The Great Influenza: The Story of the Deadliest Pandemic in History by John M. Barry (2004) is about the 1918 flu. I started reading it today after enjoying his 2017 article How the Horrific 1918 Flu Spread Across America. Here are quotes and comments on the prologue:
In 1918 an influenza virus emerged—probably in the United States—that would spread around the world, and one of its earliest appearances in lethal form came in Philadelphia. Before that worldwide pandemic faded away in 1920, it would kill more people than any other outbreak of disease in human history. Plague in the 1300s killed a far larger proportion of the population—more than one-quarter of Europe—but in raw numbers influenza killed more than plague then, more than AIDS today.
The lowest estimate of the pandemic’s worldwide death toll is twenty-one million,
He says 21m is a bad estimate, the truth is likely more like 50m and could be 100m. And the world population was 1/3 as much back then as today.
And that this underestates how bad it was b/c it killed young adults, not just elderly and babies like the flu usually mostly kills. Roughly half of deaths were people aged 20-39.
Young adults dying is worse than the elderly dying because more future years of life are lost. Babies dying is also better than young adults because not many resources have been invested in a baby yet. (This paragraph is my own blunt comments, which are not representative of the book.)
And they died with extraordinary ferocity and speed. Although the influenza pandemic stretched over two years, perhaps two-thirds of the deaths occurred in a period of twenty-four weeks, and more than half of those deaths occurred in even less time, from mid-September to early December 1918. Influenza killed more people in a year than the Black Death of the Middle Ages killed in a century; it killed more people in twenty-four weeks than AIDS has killed in twenty-four years.
Scary. And I had no idea this had happened. I'm pretty sure I'd heard the words "Spanish Flu" (misnamed) before, but had no idea what it actually was. By contrast, I've heard plenty about the black plague and AIDS.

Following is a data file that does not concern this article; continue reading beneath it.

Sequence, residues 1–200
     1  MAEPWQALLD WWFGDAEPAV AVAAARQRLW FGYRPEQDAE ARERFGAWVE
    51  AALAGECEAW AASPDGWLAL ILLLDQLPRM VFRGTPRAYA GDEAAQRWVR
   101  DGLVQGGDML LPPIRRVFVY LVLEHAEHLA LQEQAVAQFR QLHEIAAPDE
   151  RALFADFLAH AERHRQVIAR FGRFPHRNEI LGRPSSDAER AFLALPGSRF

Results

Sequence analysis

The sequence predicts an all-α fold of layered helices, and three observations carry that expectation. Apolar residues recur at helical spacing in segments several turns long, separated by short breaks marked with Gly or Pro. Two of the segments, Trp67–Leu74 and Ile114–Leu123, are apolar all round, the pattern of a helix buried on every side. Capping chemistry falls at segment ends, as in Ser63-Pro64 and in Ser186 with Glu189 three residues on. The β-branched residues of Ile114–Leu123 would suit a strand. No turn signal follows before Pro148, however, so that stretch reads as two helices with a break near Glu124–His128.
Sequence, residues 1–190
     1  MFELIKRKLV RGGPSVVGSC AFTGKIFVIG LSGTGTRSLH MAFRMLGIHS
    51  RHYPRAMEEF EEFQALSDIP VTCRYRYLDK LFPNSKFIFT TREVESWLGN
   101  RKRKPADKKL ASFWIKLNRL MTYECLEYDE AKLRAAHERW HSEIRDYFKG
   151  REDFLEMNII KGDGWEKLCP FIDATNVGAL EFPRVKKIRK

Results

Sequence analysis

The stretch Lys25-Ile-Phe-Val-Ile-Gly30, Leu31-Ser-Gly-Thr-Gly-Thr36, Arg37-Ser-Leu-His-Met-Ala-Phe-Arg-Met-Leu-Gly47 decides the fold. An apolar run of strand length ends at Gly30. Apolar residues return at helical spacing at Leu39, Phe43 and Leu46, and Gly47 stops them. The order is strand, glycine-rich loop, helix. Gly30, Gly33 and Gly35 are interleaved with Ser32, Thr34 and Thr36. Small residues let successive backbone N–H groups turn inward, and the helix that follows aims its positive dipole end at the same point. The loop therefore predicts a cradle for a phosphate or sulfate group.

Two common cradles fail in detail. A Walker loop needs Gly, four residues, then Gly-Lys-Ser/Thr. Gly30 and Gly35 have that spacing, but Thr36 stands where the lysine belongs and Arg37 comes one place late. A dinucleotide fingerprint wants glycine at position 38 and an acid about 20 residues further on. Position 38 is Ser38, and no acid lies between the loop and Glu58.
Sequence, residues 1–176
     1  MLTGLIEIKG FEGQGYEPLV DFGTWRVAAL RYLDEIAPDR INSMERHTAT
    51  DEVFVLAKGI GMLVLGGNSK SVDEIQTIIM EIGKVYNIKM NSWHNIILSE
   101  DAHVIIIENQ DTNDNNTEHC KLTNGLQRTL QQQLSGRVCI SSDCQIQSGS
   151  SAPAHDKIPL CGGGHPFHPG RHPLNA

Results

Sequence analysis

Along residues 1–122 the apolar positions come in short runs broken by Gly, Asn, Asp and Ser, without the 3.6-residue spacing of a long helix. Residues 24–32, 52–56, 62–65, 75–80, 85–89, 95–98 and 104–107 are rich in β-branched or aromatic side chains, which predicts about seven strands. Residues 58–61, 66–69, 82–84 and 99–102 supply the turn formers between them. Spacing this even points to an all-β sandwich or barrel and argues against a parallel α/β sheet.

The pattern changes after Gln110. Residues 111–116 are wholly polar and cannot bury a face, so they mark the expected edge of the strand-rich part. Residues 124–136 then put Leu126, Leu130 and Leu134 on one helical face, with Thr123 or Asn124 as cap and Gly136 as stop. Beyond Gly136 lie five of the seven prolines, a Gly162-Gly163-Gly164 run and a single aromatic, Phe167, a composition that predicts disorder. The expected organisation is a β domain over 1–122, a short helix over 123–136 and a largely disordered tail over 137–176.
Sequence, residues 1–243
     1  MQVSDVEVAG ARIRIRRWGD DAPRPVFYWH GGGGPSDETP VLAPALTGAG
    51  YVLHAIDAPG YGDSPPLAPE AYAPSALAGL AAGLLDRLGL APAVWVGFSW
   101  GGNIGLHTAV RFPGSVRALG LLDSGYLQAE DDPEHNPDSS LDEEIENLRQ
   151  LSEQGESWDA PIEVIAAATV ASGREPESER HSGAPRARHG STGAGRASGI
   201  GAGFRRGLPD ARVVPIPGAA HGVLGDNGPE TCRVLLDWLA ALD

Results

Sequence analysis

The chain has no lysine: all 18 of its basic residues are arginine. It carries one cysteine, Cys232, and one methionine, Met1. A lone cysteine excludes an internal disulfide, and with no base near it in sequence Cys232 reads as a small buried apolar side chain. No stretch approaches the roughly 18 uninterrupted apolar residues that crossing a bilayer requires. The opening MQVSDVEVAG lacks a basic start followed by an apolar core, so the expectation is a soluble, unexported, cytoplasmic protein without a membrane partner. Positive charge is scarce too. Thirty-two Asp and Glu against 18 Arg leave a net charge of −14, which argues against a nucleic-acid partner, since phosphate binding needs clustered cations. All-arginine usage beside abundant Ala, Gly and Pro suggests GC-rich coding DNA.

He says it’s kinda the first time we (well a few ppl, but they had outsized impact) dealt with something like this with science instead of religion.
After humans do anything great, people think it’s dangerous and set up rules and institutions to harness, control and contain that human power. That’s what the FDA (U.S. Food and Drug Adminstration – other countries have similar agencies) now does to our medical pioneers. 100 years after the 1918 flu, with the COVID-19 threat scaring the world, I actually don't know, with confidence, that we're in a better position to face it. Yes science has advanced, but it's also more controlled now. Plus science has been mainstreamed and let in far too many mediocre social climbers and low-initiative, uncreative follower-types (too quickly, without enough cultural assimilation, and without enough requirement that they can actually achieve anything, paid for with mostly government funds with little accountability and no need for profit).
In a way, these researchers had spent much of their lives preparing for the confrontation that occurred in 1918 not only in general but, for a few of them at least, quite specifically. In every war in American history so far, disease had killed more soldiers than combat. In many wars throughout history war had spread disease.
I knew wars had a lot of non-combat deaths (from weather, malnutrition and other stuff too, besides disease) but didn't know the particular statistic that I've italicized in the quote.
Not until late—very late—in the nineteenth century, did a virtual handful of leaders of American medical science begin to plan a revolution that transformed American medicine from the most backward in the developed world into the best in the world.